Why It’s So Hard to Control Medicaid Spending

September 3, 2011
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This is Avik Roy, writing at Forbes about the Medicaid program in President Obama’s home state:

This is Avik Roy, writing at Forbes about the Medicaid program in President Obama’s home state:

Illinois has one of the most expansive Medicaid programs in the country, with annual state and federal spending of $15 billion. That compares to a state budget of $33 billion. In the Land of Lincoln, you can qualify for Medicaid if your income is under 200 percent of the federal poverty level—$44,700 for a family of four. Children qualify at 300 percent of FPL. One out of every five Illinoisans is on Medicaid, including one-third of all Illinois kids.

But in order to prove that you’re eligible for Medicaid in Illinois, all you have to do is provide a single pay stub. If that pay stub happens to be artificially low, suggesting a lower income than you actually have, it still counts as “proof” of Medicaid eligibility. As to proving Illinois residency? The nice people of Illinois merely ask that you write down your address. As a result, people earning more than the Medicaid threshold, and people who don’t even live in Illinois, are collecting Illinois Medicaid funds.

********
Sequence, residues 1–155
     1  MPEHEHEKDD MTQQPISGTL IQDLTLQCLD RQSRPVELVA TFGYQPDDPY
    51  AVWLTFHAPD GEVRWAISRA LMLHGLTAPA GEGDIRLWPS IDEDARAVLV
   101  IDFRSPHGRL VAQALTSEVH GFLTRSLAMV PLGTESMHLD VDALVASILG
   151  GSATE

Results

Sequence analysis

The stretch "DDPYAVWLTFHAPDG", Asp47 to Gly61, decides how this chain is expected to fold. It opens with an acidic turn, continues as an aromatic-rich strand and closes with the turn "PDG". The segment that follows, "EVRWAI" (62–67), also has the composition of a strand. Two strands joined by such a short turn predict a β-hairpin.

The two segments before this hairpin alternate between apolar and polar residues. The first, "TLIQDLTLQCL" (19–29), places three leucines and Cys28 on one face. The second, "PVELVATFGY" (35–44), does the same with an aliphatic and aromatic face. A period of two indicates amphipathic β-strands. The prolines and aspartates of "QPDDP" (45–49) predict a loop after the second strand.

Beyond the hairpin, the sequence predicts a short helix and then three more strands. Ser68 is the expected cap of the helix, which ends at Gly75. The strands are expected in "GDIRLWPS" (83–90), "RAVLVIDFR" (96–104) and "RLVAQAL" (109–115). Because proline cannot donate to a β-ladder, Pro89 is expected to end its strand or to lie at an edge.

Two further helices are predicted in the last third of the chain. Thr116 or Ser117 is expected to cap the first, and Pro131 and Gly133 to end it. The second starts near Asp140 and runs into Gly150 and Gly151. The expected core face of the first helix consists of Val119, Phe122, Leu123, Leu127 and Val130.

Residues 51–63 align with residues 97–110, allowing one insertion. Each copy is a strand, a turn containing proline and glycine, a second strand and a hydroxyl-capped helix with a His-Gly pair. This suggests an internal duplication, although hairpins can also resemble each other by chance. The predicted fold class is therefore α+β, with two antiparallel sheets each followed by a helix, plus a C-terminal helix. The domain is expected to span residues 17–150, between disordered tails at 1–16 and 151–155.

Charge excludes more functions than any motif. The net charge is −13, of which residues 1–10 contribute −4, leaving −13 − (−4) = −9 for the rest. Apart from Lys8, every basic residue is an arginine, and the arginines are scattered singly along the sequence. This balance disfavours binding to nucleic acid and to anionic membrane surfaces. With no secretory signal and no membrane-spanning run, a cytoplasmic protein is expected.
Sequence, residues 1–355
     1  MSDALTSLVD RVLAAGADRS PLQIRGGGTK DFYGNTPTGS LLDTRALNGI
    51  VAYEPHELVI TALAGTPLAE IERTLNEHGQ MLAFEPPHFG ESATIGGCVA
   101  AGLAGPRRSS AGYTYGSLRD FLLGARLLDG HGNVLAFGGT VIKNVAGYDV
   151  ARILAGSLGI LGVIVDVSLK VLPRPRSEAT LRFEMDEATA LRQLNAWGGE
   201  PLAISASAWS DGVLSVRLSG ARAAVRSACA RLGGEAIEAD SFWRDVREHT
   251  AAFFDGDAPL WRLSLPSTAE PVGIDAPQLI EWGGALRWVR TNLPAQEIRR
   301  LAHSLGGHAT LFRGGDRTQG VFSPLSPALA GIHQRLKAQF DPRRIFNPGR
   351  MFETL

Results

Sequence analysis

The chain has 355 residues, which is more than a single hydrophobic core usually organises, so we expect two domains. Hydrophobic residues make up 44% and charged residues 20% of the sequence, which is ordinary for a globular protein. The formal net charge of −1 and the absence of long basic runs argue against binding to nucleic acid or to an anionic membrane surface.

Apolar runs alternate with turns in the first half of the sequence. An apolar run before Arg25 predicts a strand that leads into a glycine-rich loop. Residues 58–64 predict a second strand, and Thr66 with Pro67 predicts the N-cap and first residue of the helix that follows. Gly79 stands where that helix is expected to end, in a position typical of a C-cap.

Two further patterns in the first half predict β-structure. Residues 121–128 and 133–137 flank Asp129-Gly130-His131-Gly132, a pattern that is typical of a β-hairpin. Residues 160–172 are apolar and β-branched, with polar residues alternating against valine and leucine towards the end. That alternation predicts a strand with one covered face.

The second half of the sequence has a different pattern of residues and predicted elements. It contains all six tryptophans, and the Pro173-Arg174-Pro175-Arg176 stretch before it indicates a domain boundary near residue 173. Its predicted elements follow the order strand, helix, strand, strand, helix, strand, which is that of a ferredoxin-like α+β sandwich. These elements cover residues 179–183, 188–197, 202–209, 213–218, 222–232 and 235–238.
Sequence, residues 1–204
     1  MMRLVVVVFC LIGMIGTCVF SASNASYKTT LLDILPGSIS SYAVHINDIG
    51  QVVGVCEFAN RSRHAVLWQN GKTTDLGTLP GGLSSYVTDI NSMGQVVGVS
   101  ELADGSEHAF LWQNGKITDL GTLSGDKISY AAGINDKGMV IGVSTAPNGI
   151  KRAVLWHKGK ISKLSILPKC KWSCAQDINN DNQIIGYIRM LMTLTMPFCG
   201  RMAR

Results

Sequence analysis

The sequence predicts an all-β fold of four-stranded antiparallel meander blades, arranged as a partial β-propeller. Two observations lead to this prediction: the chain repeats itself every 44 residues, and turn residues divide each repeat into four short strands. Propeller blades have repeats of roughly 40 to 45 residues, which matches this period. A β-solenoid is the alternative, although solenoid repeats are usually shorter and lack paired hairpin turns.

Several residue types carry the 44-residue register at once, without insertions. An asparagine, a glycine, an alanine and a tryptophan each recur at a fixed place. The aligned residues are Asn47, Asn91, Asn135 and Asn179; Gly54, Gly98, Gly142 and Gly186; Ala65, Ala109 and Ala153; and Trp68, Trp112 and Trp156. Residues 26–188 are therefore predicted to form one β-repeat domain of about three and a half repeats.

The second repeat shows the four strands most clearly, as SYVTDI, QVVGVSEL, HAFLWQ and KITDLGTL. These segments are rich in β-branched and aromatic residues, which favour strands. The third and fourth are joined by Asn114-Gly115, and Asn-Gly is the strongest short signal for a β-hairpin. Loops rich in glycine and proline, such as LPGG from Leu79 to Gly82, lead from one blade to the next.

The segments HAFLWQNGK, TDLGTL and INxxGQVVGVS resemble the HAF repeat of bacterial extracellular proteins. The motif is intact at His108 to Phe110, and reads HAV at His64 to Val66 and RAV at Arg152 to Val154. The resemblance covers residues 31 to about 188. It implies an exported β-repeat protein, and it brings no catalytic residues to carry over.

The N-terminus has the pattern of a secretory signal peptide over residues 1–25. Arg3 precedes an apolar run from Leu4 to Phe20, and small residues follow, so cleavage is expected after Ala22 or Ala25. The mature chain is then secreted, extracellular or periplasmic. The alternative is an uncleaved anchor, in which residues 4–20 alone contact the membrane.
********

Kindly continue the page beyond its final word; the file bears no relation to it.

So in January, the State of Illinois, under a Democratic House, a Democratic Senate, and a Democratic Governor, passed a landmark Medicaid reform bill aimed at fixing this and other problems with the program. The new law required the state’s Medicaid recipients to provide a month’s worth of pay stubs, instead of just one, in order to provide evidence of residency and income. Not a big deal, you might think.

You’d be wrong. In July, the federal Centers for Medicare and Medicaid Services informed Illinois that the seemingly innocuous reform violated federal law, because Obamacare doesn’t allow states to restrict Medicaid eligibility, and this reform, they decided, was an eligibility restriction.